Colorado horses test positive for vesicular stomatitis

Recently it was announced in Colorado that two horses, on two separate premises, tested positive for vesicular stomatitis.

The Nebraska Department of Agriculture is encouraging horse and cattle owners to be aware and take precautions, particularly with animals that may be co-mingling with other animals at events over the next several months.

VS is a viral disease which primarily affects horses and cattle, but can also affect sheep, goats, swine, llamas and alpacas. The disease is characterized by fever and the formation of blister-like lesions in the mouth and on the dental pad, tongue, lips, nostrils, hooves and teats. When the blisters break, there is usually salivation and nasal discharge. And, as a result of these painful lesions, infected animals may refuse to eat and drink, which can lead to weight loss. There are no USDA-approved vaccines for VS.

The primary way the virus is transmitted is from biting insects like black flies, sand flies and midges, so animal owners should consider treatments to reduce insects where animals are housed. VS can also be spread by nose-to-nose contact between animals. The virus itself usually runs its course in five to seven days, and it can take up to an additional seven days for the infected animal to recover from the symptoms. Colorado, New Mexico and Texas all have confirmed VS cases at this time.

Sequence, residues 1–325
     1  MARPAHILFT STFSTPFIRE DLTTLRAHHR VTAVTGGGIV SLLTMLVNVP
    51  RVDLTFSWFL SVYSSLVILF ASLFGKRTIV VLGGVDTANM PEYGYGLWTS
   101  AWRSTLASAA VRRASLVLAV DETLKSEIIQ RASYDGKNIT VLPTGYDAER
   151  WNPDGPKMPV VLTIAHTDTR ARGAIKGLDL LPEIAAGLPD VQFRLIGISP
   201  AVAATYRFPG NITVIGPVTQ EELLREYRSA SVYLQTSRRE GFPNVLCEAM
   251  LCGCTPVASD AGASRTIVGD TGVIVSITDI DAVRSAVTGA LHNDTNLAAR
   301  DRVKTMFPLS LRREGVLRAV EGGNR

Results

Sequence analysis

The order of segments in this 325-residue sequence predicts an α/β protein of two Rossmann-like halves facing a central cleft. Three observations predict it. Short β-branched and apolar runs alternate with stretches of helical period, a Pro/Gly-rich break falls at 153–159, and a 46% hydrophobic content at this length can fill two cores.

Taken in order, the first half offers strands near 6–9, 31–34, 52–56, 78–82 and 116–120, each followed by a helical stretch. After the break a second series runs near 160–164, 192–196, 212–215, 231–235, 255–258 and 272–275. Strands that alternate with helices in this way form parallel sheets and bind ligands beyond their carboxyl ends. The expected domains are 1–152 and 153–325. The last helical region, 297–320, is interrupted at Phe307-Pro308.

NDA has importation orders in place to help prevent the spread of VS into Nebraska. If you are considering moving an animal into Nebraska from an affected state, call (402) 471-2351 to learn more about the importation order.

“Protecting the health and safety of Nebraska’s animals is of the utmost importance in the state,” said State Veterinarian Dr. Dennis Hughes. “Vesicular stomatitis resembles foot-and-mouth disease in the early stages, and I ask that all producers continue to be vigilant in importing animals into Nebraska.”

The horses in Colorado that tested positive for VS have been placed under quarantine and will remain under quarantine until at least 14 days after the onset of lesions in the last affected animal on the premises.

Although humans can become infected when handling the affected animals, it rarely occurs. To avoid human exposure, people should use personal protective measures when handling affected animals.

For more information on VS, visit

Crane Trust to host prescribed fire seminar

The Crane Trust Nature and Visitor Center will host a prescribed fair seminar at 6 p.m. Tuesday, July 16.

At the seminar, the benefits of prescribed fire range from reducing the risk of wildfires to restoring nutrients in the area while also managing weeds and other unwanted plants, such as invasive species will be discussed.

Conservation Nebraska and the Crane Trust will be hosting a free informational presentation and discussion lead by Ben Wheeler, a wildlife biologist with Pheasants Forever.

Crane Trust Nature & Visitor Center is located at 9325 South Alda Road. The potluck event is open the public at no charge.

Extension offers landlord-tenant cash rent workshops

Current and future landowners and tenants should make plans to attend one of six Landlord-Tenant Cash Rent Workshops hosted by Nebraska Extension throughout July and August. This workshop will cover current trends in cash rental rates and land values, lease provisions, crop and grazing land considerations, and current university crop budget information.